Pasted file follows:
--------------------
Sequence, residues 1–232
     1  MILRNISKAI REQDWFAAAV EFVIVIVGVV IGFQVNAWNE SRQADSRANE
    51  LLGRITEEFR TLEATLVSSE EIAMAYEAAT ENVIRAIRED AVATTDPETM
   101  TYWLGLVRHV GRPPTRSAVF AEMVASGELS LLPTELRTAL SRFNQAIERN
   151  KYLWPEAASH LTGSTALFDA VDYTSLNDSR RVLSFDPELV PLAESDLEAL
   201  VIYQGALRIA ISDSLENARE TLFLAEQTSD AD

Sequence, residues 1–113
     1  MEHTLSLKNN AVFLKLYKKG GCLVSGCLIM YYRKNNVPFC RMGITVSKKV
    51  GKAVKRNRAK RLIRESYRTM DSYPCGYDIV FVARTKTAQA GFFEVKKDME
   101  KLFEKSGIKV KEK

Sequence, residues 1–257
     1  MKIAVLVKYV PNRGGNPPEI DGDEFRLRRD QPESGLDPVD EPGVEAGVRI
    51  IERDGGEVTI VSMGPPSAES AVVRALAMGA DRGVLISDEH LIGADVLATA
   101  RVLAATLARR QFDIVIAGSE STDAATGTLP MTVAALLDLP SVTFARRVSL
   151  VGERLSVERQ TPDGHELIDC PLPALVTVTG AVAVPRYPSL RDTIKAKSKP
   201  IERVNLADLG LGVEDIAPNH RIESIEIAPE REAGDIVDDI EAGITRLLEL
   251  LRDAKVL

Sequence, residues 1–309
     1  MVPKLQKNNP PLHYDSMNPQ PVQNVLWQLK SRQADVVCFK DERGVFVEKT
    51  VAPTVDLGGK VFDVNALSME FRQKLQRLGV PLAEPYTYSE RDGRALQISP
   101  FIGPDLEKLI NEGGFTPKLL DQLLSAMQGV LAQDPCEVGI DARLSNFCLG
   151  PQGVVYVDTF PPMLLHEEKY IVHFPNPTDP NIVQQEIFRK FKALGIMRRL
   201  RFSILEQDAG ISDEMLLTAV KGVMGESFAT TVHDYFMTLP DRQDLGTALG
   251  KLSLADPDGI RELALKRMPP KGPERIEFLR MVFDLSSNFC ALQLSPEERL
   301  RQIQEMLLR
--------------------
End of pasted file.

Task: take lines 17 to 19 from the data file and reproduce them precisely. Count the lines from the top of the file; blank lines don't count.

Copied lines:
   251  LRDAKVL

Sequence, residues 1–309
     1  MVPKLQKNNP PLHYDSMNPQ PVQNVLWQLK SRQADVVCFK DERGVFVEKT